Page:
Your time is valuable…so STOP wasting it! We are proud to announce that we offer open access colonoscopies. This service allows anyone to call into our office and make an appointment without an initial meeting– ultimately saving and time and money!
Prepping for your Colonoscopy
Have you heard of the revolting liquid that some doctors require their patients to drink before their colonoscopies? Some say it’s the most difficult part of a colonoscopy! We have great news—we use the pill prep method. No liquid needed!
During your Procedure
During your colonoscopy, you will lie on your side on an examination table. In most cases, a light sedative is used– deeper sedation may be required in some cases. Throughout the entire procedure, we monitor vital signs and will make you as comfortable as possible.
Colonoscopies usually take 15 to 30 minutes. Cramping or bloating may occur after the procedure. Traditionally after a colonoscopy, patients felt tired and groggy as the sedative took time to completely wear off. Now, we offer new anesthesia that eliminates the drowsiness. You can expect to remain at the clinic for about 30 minutes after the procedure. Full recovery is expected by the next day. Always remember –discharge instructions should be carefully read and followed.
To schedule your open access colonoscopy call—678-957-0057.
Did you know each year more than 145,000 people are diagnosed with colon cancer, and almost 50,000 people die from it annually in the United States? The disease, however, is largely preventable with regular screening and is treatable with early detection.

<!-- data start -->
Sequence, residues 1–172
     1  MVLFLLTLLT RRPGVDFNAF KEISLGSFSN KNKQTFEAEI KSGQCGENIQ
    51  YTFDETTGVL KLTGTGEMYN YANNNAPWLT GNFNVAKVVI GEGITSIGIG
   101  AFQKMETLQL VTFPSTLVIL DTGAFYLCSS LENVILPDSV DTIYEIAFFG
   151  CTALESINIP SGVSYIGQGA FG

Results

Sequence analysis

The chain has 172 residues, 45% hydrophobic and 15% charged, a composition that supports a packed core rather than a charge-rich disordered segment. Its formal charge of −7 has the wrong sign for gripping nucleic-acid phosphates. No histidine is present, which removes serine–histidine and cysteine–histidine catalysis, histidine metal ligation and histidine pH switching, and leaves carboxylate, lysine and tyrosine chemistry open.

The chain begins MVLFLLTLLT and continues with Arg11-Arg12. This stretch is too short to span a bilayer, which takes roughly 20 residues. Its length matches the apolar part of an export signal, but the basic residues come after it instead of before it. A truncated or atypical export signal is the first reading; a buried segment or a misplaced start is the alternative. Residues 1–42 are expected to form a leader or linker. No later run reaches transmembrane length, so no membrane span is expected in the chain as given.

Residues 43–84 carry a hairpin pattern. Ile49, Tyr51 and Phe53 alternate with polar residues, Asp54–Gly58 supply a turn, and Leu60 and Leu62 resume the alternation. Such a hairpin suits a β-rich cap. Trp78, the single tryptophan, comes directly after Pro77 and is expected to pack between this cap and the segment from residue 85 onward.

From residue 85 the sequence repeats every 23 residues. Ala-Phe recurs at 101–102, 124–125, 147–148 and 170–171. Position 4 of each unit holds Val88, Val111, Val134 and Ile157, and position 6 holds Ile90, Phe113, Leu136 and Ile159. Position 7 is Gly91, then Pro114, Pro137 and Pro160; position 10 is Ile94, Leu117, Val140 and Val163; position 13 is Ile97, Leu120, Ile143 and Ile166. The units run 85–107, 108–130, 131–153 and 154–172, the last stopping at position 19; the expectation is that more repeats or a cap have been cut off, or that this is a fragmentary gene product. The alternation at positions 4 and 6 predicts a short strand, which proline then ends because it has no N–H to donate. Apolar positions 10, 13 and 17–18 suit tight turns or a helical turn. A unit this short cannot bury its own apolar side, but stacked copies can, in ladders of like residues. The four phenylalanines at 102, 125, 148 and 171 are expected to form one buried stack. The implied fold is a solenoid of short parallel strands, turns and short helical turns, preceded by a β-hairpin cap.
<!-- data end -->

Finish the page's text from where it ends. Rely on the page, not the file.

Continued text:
What is Colorectal Cancer?
Colorectal cancer (also referred to as colon cancer) is a cancer that develops in the colon or the rectum. These parts of the digestive system are also called the gastrointestinal (GI) tract. The digestive system processes food for energy and rids the body of solid waste. Colorectal cancer usually develops slowly over a period of many years. Before a cancer develops, it usually begins as a non-cancerous polyp. A polyp is an abnormal growth of tissue lining the colon or rectum.
Colorectal cancer is often present in people without symptoms. That is why it is imperative for people over the age of 50 to talk to their doctor about getting screened. According to research, African Americans and Hispanic Americans are at a higher risk for the disease than other populations, and should start screening even earlier.
Colon cancer is the third-leading cause of cancer-related deaths in the United States in both men and women. This month is the perfect time to start fighting back. For more information visit http://www.screen4coloncancer.org– a web site dedicated to educating patients about colorectal cancer and what can be done to prevent it.